Don’t trust, verify!
This famous phrase has been adopted as a motto by the blockchain community to showcase this technology’s key fundamentals: Transparency, trustability, and immutability of information.
Innovation done right.
In a world where every institution and company wants to be an innovation driver, few understand that this pursuit, to be successful, should be based on the creation of solutions for everyday problems. However, when it comes to the University of Nicosia (UNIC), in Cyprus, we can say that this concept has been learnt by heart.
UNIC has been one of the world’s leaders in cryptocurrency and blockchain innovation, running programs centred around the technology since 2013. With Block.Co, the university started a unique program dedicated to exploring the blockchain’s use for certificates and validation of information, tested directly in its diplomas. Ever since, it became apparent that providing this sort of self-verifiable records was of great value in a variety of contexts outside Academia.
To talk about Block.Co, certificates on the blockchain, and their overall impact, we invited George Agathangelou, Chief Marketing Officer (CMO) at Block.Co.
Enter George Agathangelou.
George was one of Cyprus’ early adopters/believers for Bitcoin and cryptocurrencies. Having discovered and mined Bitcoin since 2013, and building a career in the islands’ financial industry, he’s not one to shy away from discussing Cyprus’ strengths and challenges in regards to financial industries:
“The Forex industry (which is predominant in Cyprus) hasn’t really changed much in the last years. There are still struggles with market manipulation, most traders losing money, companies unable to deal with compliance, and mergers and acquisitions leading to the space’s uber-centralisation. It’s now, of course, a pleasure and a great sensation to be working with something that helps prevent fraud and make our lives easier.”
You can also watch the full interview with George and Carlos from D-CORE on our Youtube channel!
He also expands about the history of Block.Co, and the path that lead to its development:
“This started back in 2014, when UNIC saw a gap in the market, in need of a decentralised validation solution. All the certificates issued by the universities are now sent to the students, anchored in the Bitcoin blockchain, so they’re self-verifiable. This makes it so that, whenever a student applies for a job, for example, the employer can directly use this to verify the student’s credentials, completely eliminating the chance of running into a fake certificate. We then took this solution, since it was working, and expanded it into other industries, such as insurance, software providers, shipping, and even the public sector, in the Police force, company registry, and even marriages. Frauds cost billions of dollars worldwide every year, and this utterly helps prevent them.”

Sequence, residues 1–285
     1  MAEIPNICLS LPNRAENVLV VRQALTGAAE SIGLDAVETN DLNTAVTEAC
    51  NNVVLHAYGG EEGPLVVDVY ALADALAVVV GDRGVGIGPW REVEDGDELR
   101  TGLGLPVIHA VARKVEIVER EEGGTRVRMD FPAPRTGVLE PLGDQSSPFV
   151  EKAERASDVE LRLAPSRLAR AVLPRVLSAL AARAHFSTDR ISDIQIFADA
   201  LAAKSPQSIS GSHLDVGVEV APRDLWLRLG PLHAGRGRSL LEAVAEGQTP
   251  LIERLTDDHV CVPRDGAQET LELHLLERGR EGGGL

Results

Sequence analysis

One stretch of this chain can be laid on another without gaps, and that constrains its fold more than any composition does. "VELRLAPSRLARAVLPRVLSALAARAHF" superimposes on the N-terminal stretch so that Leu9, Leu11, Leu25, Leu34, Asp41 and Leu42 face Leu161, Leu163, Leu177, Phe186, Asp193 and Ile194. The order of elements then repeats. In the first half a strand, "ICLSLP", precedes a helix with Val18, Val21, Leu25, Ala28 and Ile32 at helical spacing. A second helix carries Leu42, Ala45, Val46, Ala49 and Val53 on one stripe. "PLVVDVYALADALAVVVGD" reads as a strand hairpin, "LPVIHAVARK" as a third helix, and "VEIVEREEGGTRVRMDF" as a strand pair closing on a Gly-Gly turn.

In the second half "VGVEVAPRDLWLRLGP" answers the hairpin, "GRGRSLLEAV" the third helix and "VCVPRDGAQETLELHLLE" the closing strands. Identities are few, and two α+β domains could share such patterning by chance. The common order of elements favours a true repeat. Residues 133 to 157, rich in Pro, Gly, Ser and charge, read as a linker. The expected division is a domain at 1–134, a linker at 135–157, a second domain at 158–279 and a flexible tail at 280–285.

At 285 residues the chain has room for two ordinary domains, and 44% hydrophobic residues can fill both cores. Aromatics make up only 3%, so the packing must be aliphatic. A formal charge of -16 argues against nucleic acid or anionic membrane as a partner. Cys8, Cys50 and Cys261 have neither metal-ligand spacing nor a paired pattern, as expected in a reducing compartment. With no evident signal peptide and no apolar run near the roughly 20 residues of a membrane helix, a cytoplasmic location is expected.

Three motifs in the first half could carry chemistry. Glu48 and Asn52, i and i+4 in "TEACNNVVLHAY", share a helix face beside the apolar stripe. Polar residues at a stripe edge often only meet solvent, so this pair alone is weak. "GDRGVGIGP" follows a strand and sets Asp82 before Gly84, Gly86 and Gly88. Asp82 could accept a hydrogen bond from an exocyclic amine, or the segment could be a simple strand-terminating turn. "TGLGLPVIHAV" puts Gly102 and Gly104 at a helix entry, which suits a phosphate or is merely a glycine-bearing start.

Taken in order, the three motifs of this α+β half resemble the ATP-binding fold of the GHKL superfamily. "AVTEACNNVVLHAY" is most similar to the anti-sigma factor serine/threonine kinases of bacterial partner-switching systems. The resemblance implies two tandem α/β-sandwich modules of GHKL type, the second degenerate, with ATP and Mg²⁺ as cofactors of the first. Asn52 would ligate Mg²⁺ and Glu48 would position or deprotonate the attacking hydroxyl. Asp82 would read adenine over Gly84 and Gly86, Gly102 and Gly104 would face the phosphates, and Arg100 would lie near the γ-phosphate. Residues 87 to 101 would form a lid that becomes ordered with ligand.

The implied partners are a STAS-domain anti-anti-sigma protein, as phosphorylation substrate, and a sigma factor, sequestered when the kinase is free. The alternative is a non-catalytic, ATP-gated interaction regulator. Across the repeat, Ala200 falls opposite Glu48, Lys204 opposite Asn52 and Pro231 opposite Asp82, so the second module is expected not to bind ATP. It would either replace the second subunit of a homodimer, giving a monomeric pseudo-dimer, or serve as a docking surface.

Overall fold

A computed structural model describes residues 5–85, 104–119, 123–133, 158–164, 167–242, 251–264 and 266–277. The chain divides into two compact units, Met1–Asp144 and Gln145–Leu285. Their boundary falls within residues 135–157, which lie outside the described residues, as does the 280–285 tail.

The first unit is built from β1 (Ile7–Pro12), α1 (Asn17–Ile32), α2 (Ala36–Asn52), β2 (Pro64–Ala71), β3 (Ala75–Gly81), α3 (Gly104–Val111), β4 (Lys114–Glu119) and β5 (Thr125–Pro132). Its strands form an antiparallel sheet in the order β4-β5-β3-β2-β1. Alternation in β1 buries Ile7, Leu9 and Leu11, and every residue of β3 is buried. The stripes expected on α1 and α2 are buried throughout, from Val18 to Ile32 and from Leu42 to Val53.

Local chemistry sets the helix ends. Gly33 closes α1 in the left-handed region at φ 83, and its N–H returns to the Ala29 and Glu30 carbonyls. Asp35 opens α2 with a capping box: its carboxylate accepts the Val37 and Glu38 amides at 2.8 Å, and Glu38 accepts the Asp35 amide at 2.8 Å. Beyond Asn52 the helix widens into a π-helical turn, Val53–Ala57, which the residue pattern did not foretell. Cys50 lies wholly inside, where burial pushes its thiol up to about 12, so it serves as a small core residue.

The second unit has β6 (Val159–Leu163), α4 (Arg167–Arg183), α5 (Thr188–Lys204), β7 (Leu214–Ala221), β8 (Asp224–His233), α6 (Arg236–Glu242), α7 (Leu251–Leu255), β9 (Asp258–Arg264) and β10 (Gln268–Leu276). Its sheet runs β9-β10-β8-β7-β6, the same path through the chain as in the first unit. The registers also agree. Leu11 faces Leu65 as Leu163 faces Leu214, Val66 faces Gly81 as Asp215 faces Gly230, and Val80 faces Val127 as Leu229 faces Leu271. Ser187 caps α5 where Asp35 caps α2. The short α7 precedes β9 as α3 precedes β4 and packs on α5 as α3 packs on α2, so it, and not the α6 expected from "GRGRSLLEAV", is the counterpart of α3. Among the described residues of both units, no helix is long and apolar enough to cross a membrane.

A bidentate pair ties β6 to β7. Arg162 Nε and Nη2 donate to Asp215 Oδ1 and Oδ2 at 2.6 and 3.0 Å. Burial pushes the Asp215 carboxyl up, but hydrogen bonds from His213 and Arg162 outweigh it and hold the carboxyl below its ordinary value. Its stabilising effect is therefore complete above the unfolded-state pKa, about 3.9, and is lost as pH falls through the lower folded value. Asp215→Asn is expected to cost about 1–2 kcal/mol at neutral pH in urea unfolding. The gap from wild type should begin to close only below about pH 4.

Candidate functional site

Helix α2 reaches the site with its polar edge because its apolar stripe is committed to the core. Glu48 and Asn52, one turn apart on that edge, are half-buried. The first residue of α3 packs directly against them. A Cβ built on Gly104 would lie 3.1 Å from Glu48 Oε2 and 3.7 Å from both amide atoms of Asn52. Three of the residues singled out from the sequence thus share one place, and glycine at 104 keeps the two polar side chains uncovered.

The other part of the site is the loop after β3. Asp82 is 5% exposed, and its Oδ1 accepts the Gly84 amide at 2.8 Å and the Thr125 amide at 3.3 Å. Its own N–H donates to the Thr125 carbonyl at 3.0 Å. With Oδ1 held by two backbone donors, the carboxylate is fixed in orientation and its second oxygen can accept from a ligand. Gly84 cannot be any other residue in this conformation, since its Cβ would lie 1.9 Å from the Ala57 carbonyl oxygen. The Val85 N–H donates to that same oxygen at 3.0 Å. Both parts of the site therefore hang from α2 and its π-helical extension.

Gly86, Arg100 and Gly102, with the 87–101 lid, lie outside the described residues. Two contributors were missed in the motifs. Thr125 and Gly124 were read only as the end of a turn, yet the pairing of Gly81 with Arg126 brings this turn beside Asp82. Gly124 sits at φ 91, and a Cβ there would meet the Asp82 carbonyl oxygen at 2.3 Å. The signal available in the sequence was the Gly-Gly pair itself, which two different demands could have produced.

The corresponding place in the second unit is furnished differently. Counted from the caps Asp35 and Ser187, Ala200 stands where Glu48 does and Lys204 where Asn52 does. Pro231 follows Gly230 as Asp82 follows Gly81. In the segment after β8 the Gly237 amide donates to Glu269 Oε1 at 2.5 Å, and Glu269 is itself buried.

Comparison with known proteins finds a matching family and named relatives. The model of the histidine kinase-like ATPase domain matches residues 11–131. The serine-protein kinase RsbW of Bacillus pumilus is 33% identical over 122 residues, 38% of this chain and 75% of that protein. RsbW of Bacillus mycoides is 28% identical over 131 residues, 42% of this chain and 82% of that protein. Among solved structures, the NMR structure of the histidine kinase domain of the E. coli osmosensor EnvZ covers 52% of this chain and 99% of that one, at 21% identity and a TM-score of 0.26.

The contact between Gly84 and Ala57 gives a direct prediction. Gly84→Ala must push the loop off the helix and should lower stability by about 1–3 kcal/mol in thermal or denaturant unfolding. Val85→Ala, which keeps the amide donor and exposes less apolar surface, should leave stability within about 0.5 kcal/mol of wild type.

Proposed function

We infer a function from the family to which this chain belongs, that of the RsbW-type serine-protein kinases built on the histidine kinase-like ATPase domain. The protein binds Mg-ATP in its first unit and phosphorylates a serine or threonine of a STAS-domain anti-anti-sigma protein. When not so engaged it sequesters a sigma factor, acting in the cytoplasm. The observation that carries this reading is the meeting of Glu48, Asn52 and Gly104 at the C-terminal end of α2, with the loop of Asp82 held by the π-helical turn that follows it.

To drive this point across, he points to one of the most critical implementation cases of blockchain certificates:
“For example, in the shipping industry, when you have a big ship of cargo coming in, you require over 40 different certificates. Now, if anything goes wrong while you verify each one of them separately, you risk damaging millions of dollars worth of assets. This, as well as bureaucracy, pollution risks, direct risks, security, time-consuming operations, etc., can be avoided by setting up a system in the blockchain that allows users to use and validate only one certificate.”
Bitcoin for more than money.
One of the most interesting technical points that George mentions is that Block.Co uses the Bitcoin blockchain, not as a means to create or use its financial asset, but to share and protect information:
“We decided to use the Bitcoin network, since, in the end, it is the most secure not only crypto, but computer network in the world. It is, practically, impossible to alter or destroy the information in it, and it is fully decentralised. This creates many exciting possibilities, for example, for copyright. If you, say, write a song in your room, you can upload it to the Internet, include it in a transaction hash within the Bitcoin network, and it will get encrypted, timestamped, and be there immutably for you to access it and decrypt it with the right keys. A concept so simple, yet so powerful, eliminates the need for a lot of intermediaries, simplifies labour, costs, and eliminates fraudulent actors”.
George also optimistically adds:
“The general response to this solution has been really interesting. You take many people that have heard negative things about the financial aspect of the blockchain and Bitcoin, and, once you expose them to a use case such as this, they start learning more. They become enthusiastic about it, its potential, and the technology underneath it. We really believe we’re helping educate those around us in this space while doing something worth doing.”
Thanks, George, for joining us for this interview! And, if you’ve read this far, we recommend you to check out the rest of the interview on our Youtube channel. You’ll find us covering a broad array of topics, such as educating regulators, Satoshi Nakamoto’s vision for Bitcoin, eliminating intermediaries and databases, and a lot more.
See you next time!
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